The slowing US economy was in need of stimulus before Sept. 11. That need has grown in urgency, with large layoffs in major industries since the terrorist attacks. Generally, there's been a drop in people's inclination and ability to spend.
Governments should do what they can to soften that effect and help the economy rebound, although much depends on public attitudes.
Increased spending to aid the cleanup and rebuilding in lower Manhattan will have some narrow benefits. So will federal funds for airlines hit hard by fewer passengers.
But the problem has become more serious, and so should the government's response. Congress and President Bush are fashioning a stimulus package. Its focus should be squarely on helping workers facing large losses of income. The extension of unemployment benefits makes sense. It will help people retain some spending ability as they seek new jobs.
Any new tax cuts should be focused on mid- and lower-income families who are likely to be most affected by the economic slump. Much is being said about the stimulative effect of tax breaks for businesses, but there's little prospect such breaks would spark business spending in the current economic climate.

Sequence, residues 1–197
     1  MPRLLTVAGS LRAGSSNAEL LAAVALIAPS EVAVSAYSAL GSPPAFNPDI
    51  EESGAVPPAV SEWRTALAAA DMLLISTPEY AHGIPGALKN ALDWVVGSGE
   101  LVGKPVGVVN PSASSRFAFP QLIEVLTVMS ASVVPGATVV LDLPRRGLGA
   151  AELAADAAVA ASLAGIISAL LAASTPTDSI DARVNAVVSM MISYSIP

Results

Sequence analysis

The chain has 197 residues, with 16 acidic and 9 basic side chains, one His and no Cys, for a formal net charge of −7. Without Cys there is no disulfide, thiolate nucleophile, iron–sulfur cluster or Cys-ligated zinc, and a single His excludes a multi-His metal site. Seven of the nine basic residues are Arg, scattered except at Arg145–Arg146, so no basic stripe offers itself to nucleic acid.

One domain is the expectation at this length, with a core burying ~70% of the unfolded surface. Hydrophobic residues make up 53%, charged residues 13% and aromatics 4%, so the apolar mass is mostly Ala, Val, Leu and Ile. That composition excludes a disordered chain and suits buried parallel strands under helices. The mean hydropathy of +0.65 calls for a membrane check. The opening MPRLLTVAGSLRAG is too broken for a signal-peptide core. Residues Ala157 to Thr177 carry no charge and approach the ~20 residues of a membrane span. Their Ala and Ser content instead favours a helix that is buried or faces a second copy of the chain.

Large-scale infrastructure spending is also on the stimulus agenda. Many of these projects - from upgrading drinking-water systems to improving passenger rail lines - are good candidates for public investment, and they will create new jobs.
But the economic rationale for such projects should be probed before they're approved in the heat of an emergency.
And the overall fiscal health of the federal government should be kept in view, too. The move away from deficits and toward reducing the national debt in recent years has been positive, keeping down interest rates and brightening the long-term economic picture for the country. It shouldn't be abandoned.
With the Federal Reserve continuing to make money more available, and Congress and the president making wise choices on stimuli, the economy can sooner return to growth.